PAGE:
Perhaps most worrying of all is the fact that 42% of all plc boards have no women directors. The limited progress that was made at this level seems to have stalled or worse. Of 68 new appointments on plc boards in 2017, only eight were female (12% – not even a replacement rate).
The Government has indicated that there will be a focus on this issue in a planned review to be announced. Government is committed to improving gender balance on state boards for many years with a target of 40% and have achieved real progress in many such boards. While the proportion is only 29% on commercial state boards, of the ten new appointments on commercial state boards in 2017, four were male and six female.
“We need real honesty to tackle bias – both unconscious and conscious.”
So, asking where are we going wrong is a key question. I think the core answer is that assuming that these patterns will simply resolve themselves over time is a mistake.
Experience in the last ten years has shown that this is not going to happen (or at best will take several generations).
If we want real change, we need to adopt new approaches, with a clearer strategic intention, visible commitment and leadership from the top and practical initiatives to change the actual experiences of women in the workforce. These need to be developed to meet the issues in each sector and organisation.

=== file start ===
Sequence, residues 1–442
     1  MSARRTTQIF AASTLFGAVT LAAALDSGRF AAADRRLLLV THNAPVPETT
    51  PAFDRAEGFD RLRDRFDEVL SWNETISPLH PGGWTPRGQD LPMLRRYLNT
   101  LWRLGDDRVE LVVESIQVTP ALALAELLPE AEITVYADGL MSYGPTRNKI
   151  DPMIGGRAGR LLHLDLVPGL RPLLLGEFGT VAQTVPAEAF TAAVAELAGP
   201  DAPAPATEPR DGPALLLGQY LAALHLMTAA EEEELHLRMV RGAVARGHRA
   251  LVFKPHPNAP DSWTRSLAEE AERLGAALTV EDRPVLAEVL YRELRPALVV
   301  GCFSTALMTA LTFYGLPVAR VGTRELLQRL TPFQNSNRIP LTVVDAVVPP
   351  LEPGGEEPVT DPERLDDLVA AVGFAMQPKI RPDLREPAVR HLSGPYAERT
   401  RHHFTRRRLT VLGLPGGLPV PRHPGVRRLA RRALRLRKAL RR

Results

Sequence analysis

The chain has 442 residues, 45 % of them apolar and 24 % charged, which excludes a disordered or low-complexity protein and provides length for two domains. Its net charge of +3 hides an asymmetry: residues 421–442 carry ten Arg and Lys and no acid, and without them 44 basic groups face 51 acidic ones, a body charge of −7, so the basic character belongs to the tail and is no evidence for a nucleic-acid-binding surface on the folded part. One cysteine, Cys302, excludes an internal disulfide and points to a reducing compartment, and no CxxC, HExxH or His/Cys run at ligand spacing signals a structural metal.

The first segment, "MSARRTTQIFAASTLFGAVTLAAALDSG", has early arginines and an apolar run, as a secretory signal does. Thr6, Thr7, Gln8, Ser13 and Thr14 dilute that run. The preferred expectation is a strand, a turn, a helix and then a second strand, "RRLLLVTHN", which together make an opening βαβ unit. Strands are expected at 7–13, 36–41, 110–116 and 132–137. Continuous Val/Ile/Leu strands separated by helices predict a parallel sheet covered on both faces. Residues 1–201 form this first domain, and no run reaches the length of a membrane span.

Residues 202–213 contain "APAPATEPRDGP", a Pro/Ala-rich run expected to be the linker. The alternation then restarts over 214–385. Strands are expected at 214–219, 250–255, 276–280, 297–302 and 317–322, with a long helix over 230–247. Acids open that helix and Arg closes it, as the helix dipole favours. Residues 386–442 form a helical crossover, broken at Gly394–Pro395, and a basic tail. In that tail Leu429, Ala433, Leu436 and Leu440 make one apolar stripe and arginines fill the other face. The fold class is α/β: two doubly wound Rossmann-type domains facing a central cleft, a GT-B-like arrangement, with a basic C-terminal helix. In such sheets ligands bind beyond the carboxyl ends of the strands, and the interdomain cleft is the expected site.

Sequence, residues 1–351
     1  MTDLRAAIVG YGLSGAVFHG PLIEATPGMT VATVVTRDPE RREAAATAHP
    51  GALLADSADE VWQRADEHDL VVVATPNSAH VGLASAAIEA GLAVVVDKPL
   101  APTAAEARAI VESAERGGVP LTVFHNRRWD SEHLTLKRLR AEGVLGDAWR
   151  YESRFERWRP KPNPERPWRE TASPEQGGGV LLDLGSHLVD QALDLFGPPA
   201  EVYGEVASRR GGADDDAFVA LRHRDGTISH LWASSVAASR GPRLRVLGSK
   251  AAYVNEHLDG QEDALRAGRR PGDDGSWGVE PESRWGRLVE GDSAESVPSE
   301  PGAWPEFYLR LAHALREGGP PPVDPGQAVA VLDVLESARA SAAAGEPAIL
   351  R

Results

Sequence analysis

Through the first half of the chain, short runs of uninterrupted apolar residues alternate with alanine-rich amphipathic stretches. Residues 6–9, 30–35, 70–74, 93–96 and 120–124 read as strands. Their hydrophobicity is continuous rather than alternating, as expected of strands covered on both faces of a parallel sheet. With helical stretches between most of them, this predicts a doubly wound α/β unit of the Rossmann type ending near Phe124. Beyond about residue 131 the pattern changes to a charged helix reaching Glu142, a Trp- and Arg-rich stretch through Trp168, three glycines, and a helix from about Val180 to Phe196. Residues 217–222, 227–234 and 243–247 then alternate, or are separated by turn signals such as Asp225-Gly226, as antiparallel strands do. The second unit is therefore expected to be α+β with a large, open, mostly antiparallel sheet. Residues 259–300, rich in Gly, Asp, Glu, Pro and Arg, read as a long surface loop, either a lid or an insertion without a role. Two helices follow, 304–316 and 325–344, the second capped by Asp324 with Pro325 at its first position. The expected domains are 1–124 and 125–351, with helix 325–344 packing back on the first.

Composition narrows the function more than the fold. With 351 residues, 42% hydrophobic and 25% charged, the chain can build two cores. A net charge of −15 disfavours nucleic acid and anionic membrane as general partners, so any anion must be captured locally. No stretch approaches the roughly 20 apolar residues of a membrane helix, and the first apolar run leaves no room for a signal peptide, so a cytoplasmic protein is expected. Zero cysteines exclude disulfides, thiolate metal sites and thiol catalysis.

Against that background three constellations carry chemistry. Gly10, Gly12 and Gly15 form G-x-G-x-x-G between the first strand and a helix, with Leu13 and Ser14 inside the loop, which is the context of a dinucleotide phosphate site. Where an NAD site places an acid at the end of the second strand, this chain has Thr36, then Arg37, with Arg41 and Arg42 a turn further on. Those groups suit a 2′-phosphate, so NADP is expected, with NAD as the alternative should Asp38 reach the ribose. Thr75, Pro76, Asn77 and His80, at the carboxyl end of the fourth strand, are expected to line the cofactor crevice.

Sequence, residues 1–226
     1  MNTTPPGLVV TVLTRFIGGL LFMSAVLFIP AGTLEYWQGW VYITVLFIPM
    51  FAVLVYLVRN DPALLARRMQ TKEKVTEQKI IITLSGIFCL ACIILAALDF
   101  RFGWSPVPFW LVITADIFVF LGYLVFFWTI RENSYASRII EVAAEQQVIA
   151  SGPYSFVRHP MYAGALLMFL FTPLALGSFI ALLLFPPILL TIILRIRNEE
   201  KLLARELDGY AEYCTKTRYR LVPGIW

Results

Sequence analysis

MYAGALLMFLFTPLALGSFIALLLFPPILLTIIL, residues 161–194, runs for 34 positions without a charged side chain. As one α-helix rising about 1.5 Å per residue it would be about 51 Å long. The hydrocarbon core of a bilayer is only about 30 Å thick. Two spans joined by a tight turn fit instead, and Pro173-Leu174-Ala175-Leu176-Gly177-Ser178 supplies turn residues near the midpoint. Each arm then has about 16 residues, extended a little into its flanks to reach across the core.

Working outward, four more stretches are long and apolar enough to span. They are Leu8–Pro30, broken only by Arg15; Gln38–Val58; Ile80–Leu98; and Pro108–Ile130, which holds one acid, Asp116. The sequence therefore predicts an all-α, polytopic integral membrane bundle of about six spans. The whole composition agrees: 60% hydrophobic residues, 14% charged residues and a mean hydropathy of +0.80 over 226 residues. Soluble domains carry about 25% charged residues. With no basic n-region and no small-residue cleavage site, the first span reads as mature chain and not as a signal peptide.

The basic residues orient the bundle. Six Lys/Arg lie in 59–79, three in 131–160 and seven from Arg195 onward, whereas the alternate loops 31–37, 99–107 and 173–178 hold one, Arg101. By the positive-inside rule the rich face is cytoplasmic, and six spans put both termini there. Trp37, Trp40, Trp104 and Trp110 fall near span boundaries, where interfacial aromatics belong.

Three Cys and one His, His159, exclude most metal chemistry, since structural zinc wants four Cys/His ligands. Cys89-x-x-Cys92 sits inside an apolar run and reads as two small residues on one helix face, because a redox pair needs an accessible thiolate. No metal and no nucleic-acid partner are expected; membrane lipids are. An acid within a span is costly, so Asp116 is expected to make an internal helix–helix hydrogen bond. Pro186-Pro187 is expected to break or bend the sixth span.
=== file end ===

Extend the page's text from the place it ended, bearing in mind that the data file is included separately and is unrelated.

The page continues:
In the 30% Club, we believe there is real merit in a detailed analysis of the experience in an organisation (understand what your data is telling you), taking positive action to increase awareness and understanding, to remove barriers and support individuals and also in learning from the experience of other companies.
We need real honesty to tackle bias – both unconscious and conscious. Our approach in the 30% Club is strongly collaborative, and we are encouraged by the support we are receiving among the almost 200 organisations who make up our supporters.
“Why do think women are so underprepared for retirement?”